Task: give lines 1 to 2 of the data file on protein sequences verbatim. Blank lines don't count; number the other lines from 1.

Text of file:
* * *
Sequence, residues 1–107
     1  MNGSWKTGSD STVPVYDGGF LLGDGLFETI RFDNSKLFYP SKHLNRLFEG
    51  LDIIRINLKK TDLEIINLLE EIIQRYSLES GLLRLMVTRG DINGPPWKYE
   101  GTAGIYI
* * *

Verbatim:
Sequence, residues 1–107
     1  MNGSWKTGSD STVPVYDGGF LLGDGLFETI RFDNSKLFYP SKHLNRLFEG